A popular example in Buddhist literature is that of a liquid. To humans this liquid looks like water; to the hungry ghosts it looks like pus; to the hell beings it looks like acid; to the gods it looks like nectar. Which one is correct? According to the Buddhist way of thinking, they are all correct because the validity of something is only relative within a certain context.
Another example is in a branch of family therapy, called contextual therapy, in which within a family situation each family member is asked to describe their version of the situation. The father recounts one version, the mother another and each of the children recount their own. Each one of these versions is correct and is given equal respect because all of the family members experience the situation in their own way. This is a very Buddhist way of thinking and can be applied to the life story of the Buddha. If we read the story in many different ways, each version is correct and will teach us something.
The Main Facts of Buddha’s Life and Relevance to Our Practice
Buddha was born into a privileged and wealthy family (it is debatable as to whether or not he was a prince), and therefore enjoyed great pleasures and benefits, including a good education. He married and had a son. In terms of a career, he was offered to take over his father’s position as head of a republic, but Buddha, being a follower of the shramana movement, declined the offer. Here, it is important to emphasise that Buddha was not irresponsible for leaving his wife and children. In Indian society, wives and children are cared for within extended families of grandparents and other members. Also, Buddha was born into the warrior caste, a caste in which the men left home to fight battles. Buddha fought his own battle, the internal one against ignorance and disturbing emotions.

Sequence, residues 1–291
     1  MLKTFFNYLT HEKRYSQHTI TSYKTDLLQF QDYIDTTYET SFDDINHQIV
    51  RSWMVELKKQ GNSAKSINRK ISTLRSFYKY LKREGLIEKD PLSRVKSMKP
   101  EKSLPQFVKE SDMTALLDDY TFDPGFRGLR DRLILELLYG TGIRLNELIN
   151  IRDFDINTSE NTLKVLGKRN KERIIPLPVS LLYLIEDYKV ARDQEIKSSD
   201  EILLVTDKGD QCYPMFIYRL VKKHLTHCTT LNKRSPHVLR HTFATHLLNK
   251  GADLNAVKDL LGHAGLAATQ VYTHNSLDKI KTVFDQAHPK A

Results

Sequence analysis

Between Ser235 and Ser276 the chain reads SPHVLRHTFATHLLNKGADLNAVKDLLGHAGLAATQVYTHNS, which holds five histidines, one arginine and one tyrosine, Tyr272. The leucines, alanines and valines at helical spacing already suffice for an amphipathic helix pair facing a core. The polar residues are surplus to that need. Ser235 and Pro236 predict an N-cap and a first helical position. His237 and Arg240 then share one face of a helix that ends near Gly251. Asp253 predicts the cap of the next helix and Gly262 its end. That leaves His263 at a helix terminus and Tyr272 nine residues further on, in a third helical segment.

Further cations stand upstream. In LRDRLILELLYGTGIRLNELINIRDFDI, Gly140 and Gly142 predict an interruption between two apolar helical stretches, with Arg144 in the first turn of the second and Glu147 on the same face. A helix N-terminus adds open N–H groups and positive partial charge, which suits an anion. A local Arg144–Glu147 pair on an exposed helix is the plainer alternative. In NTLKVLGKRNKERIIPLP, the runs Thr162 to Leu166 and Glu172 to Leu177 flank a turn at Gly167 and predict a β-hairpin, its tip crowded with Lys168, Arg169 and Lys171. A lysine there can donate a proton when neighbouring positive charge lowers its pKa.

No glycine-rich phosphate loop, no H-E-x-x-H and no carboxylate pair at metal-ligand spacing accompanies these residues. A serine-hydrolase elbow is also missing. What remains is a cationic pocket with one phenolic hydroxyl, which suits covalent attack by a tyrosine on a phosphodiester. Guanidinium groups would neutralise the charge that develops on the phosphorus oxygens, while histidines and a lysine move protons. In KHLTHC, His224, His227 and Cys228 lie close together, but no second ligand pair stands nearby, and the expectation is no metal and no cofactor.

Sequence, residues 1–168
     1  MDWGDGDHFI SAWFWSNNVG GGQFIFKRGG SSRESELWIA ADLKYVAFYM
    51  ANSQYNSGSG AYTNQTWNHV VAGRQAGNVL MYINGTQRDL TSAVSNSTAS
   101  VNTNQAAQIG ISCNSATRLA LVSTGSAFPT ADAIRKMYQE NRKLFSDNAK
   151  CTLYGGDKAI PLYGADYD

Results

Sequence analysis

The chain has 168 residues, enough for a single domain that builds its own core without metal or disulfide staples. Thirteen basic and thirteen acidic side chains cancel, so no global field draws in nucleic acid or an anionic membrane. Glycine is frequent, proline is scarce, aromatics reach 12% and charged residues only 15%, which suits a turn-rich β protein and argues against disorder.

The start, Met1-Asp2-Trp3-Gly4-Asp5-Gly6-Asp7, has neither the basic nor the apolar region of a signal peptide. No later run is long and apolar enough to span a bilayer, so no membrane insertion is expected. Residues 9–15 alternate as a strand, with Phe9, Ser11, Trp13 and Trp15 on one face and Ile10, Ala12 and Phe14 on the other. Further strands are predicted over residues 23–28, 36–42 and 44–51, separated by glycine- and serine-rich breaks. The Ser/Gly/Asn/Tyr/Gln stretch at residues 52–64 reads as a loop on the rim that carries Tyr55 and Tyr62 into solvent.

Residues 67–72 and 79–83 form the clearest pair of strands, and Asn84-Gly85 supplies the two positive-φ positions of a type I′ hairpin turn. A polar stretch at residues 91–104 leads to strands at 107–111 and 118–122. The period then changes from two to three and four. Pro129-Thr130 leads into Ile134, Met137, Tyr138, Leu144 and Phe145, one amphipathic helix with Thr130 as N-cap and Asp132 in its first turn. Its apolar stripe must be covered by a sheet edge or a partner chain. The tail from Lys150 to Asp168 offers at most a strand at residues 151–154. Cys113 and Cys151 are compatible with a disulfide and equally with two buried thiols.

Buddha’s decision to leave the family life teaches us that seeking the truth, i.e. the end of suffering in terms of either rebirth or mental and emotional suffering, is far more important than having a good position, power and money. It is more important to understand how to find solutions to universal personal problems, such as anger, greed, selfishness, etc., or societal problems, than seeking power and money for ourselves. That is the lesson that Buddha’s life teaches us.
His Holiness the Dalai Lama says that following a spiritual life one hundred percent is not for everybody, instead what is important is the quality of your life and the life of those around you. Buddha followed the spiritual path completely leaving the palace in a chariot (an example from the Bhagavad Gita) and witnessing various types of suffering of sickness, old age and death, and the wanderers that were not visible in the palace.